The important dynamic of difference

Ondegronds is an amsterdam based project by Julien Thomas and Manon Veldhuis. After they themselfes met on Tinder, they quickly talked about the value of

meeting people that normally aren't in each others social group.

They went on to do ondergronds, a project were younger people can arrange a meeting with

senior amsterdamers – on the metro.

We met them at b.amsterdam, and talked about what they experienced, what their

motivation was, and asked for some advice on how to do such a project.

When was the last time you had a real conversation with your grandma? Something more profound than – say, the weather? Thats what Manon gave as an answer to the question on why they felt the need to facilitate conversation between young and old. But for them it wasn’t just about that – it was really about the important dynamic of difference as Julien calls it. Bring people together that wouldn’t normally meet each other – people that are not in each others social group. „It even can be really hard to get to know your neighbour“.

„It even can be really hard to get to know your neighbour“

fund 002: teile des spielsystems aus dem lars seine objekte baut

But how did they do it? They reached out to senior residencys, emailed, whatsapped, met seniors who wanted to participate – that process took them MORE THAN A HALF YEAR but it was worth it. During the event the younger people got a letter which said go to the metro (x), to door number three and stay at the post. At the next station Manon waited with the seniors, and thats where they first met. It was akward at first, but they quickly engaged in a conversation. Afterwards they all met at the Volkshotel bar – and they all didn’t want it to end. „When one of the seniors told me „this is really important what you’re doing“ that was the most rewarding moment for me“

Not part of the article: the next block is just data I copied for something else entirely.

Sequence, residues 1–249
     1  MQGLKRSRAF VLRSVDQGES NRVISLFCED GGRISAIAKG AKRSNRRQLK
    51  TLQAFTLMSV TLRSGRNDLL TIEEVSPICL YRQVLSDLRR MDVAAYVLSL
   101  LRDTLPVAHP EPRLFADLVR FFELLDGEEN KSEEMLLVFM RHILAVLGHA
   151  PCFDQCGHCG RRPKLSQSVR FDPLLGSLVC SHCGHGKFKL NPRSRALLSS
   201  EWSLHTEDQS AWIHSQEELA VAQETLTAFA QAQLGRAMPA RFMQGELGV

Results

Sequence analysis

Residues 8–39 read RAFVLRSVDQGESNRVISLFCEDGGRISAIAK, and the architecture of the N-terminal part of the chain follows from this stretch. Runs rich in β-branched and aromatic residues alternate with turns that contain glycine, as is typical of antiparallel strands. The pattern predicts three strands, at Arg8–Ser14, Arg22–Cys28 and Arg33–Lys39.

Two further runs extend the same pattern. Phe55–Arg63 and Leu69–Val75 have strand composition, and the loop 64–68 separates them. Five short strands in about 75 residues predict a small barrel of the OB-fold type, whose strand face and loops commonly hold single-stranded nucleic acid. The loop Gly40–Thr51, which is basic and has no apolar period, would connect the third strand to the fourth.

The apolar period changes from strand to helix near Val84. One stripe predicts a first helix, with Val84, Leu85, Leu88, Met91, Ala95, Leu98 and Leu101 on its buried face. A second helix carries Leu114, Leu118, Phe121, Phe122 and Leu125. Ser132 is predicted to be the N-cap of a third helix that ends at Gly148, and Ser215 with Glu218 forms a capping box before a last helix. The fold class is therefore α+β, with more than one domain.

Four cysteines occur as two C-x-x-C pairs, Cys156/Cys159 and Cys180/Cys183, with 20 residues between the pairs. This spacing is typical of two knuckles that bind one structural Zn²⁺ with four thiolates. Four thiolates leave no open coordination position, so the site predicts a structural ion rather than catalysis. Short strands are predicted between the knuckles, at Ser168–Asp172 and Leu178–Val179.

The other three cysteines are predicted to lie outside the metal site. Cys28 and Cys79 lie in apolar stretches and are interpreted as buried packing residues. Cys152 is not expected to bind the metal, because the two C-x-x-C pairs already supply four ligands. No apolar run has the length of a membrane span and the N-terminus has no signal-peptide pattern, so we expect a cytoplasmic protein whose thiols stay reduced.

„hätte man im November 2015 nach Open Source Economy gegoogelt, hätte man eine Seite gefunden, die ich seit einigen Jahren betreibe – sucht man jetzt findet man sehr sehr viel im Netz“



Aim for what you want to do and talk about your project, in a sense as if you are gonna do it, and then it will happen! No ifs and maybes. You just have a goal and you're trying to reach it.


Take your time! It's too bad that we're trained to do projects on a semester basis, or maybe a year basis – but we're not talking a full year, we're talking about a school year. Our understanding about what it takes and what time it requires to do something is quite short. Be patient – put a year into it! And keep trying.


Things Change: we're told to take into consideration all the consequences of everything we do – have a budget, have a plan and a long term goal ... you can put together a plan that is really rocksolid, but there are so many things out there that can change that plan, that are out of your control. It's more important to develop relationships with people who can get your project going. There has to be trust in between you and them – that the project can change and it's not gonna be dropped. Because it WILL change.


Handling doubters: if you start a project where you do something thats never done before, you will have doubters. It can be a challenge because it will be very abstract. But most of the time that means it's a good thing, because it means that you're doing something that has never been done before. Sometimes you're even doubting it yourself – but you just have to keep pushing forward.

So you can see there is no step by step explanation on how to do it exactly, but you will figure it out eventually. Whats valuable to know though is, that julien and manon first pitched their project at boiling amsterdam an instant crowdfunding event, where city makers pitch their ideas­ and the winner walks away with cash accumulated through the attendands entrance fees.